Within the sustainable seafood movement there is growing interest in ethical fisheries that give fair and equitable access to fisheries. The only gooseneck barnacle (Pollicipes polymerus) fishery in North America occurs off the west coast of Vancouver Island in Clayoquot Sound, near Tofino (Figure 2). This fishery is co-managed by the Canadian Department of Fisheries and Oceans (DFO) and Nuu-chah-nulth First Nations. At present, the fishery is very small with only four groups of 2–3 individuals collecting barnacles from 48 designated harvest rocks. All fishers are members of the Nuu-chah-nulth First Nations and barnacles are gathered entirely by hand. In 2015, Ocean Wise conducted an assessment of this fishery and recommended it as sustainable option. Hand gathering is highly selective and this harvest method does not cause damage to the surrounding habitat and only causes minimal bycatch of attached mussels and juvenile barnacles.
What is the current status?
Since 2005 Ocean Wise has grown from just 16 local Vancouver restaurant partners to over 700 partners nationally, including suppliers, distributors, and retailers (Figure 3). As consumer demand for sustainable seafood grows, Ocean Wise has likewise expanded to include larger buyers (such as primary producers and suppliers) on the supply chain who are likely to have a bigger market impact. Partners receive up to date sustainability recommendations, access to training and marketing materials, and also benefit from Ocean Wise promotion.
Why do B.C. consumers eat fish?
Contributed by Karin Bodtker, MRM, Coastal Ocean Research Institute, an Ocean Wise initiative
Reviewed by Dr. Grant Murray, Associate Professor of Marine Policy, Duke University Marine Lab
A recent study (2017) into what matters most to British Columbians when they buy seafood at the supermarket found that taste, smell, and appearance ranked highest among 10 choices (Table 1).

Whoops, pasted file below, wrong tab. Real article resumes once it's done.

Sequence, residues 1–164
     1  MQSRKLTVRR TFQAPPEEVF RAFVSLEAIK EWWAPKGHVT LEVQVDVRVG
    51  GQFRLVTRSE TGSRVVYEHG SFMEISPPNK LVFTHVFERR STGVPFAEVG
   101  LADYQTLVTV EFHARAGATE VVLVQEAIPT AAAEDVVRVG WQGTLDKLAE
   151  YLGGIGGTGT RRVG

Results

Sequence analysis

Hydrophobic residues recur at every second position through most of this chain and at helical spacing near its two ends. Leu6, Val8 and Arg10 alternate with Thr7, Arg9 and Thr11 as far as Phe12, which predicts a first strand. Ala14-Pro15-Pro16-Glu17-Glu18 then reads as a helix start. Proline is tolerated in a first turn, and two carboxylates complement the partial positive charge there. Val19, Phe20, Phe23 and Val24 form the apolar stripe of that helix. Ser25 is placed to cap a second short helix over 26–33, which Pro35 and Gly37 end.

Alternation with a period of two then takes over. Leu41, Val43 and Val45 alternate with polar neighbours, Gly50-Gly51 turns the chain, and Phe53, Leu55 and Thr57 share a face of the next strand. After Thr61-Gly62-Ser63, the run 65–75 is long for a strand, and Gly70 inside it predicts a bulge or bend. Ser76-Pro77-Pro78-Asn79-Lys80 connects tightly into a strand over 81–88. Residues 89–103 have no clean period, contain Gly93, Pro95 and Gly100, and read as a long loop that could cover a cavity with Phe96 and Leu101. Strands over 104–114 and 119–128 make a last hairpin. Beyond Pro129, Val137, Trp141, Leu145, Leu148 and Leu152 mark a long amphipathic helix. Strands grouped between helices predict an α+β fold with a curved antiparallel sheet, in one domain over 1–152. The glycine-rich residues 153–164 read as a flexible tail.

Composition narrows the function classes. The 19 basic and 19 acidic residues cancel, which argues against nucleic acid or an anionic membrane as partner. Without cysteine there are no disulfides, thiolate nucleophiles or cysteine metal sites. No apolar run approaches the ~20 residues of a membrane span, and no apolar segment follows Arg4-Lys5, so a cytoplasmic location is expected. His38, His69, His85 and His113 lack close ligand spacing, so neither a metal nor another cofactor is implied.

|Factors||Percent of respondents who ranked this #1|
|Taste, smell, and appearance||34|
|Farmed versus wild seafood||15.6|
|Health benefits and nutritional value||12|
|Seafood is local||8|
|Sustainability of the species||4|
|Comfortable cooking or preparing seafood||3.4|
|Health risks such as allergies, mercury, etc.,||2|
|Cultural or religious reasons||0|
Terms like “local” and “sustainable” were not defined for participants in the study, so people made these choices based on whatever those terms meant to them.
Another interesting finding was that shoppers, overall, seem to be consuming seafood less frequently than they did as children (Figure 1). 82 percent of respondents ate seafood at least once a month as a child, while only 67 percent ate seafood with that frequency in the last year. At the other end of the spectrum, 15 percent of consumers never or almost never (i.e., not in the last year) eat seafood, but only six percent of that same group did not eat seafood as a child.
Interpretation and generalization of this work is limited for a few reasons:
- Seafood was referred to generically and not by type or species;
- Key terms (e.g., farmed, sustainable, local) were not defined, so each consumer applied their own personal understanding;
- Consumers were surveyed only in grocery stores/supermarkets; and
- Recall of childhood seafood consumption is not perfect.
What can you do?
Individual and Organization Actions:
- Next time you’re at the grocery store or a restaurant be sure to ask questions about what species it is, how it was caught or farmed, and where it is from.
- Look for the Ocean Wise symbol when buying seafood to ensure you are making the best choice for our oceans.
- Aim to eat lower on the trophic level – choose smaller forage fish such as sardines and mackerel, or farmed shellfish like clams and mussels, over larger fish such as salmon and halibut.
- Join a Community Supported Fisheries (CSF) such as Skipper Otto to connect with and purchase from local fishermen in your area.
Government Actions and Policy:
- Legislate improved seafood labelling in Canada (e.g., http://labelmyseafood.ca/).
- Allocate more resources to enforce fishery regulations and conduct regular scientific stock assessments of commercially caught species.
- Create more marine protected areas (MPAs) to allow fish stocks to recover.
- Eliminate harmful fishing subsidies of industrial fisheries that lead to overfishing and promote fuel-inefficient technology.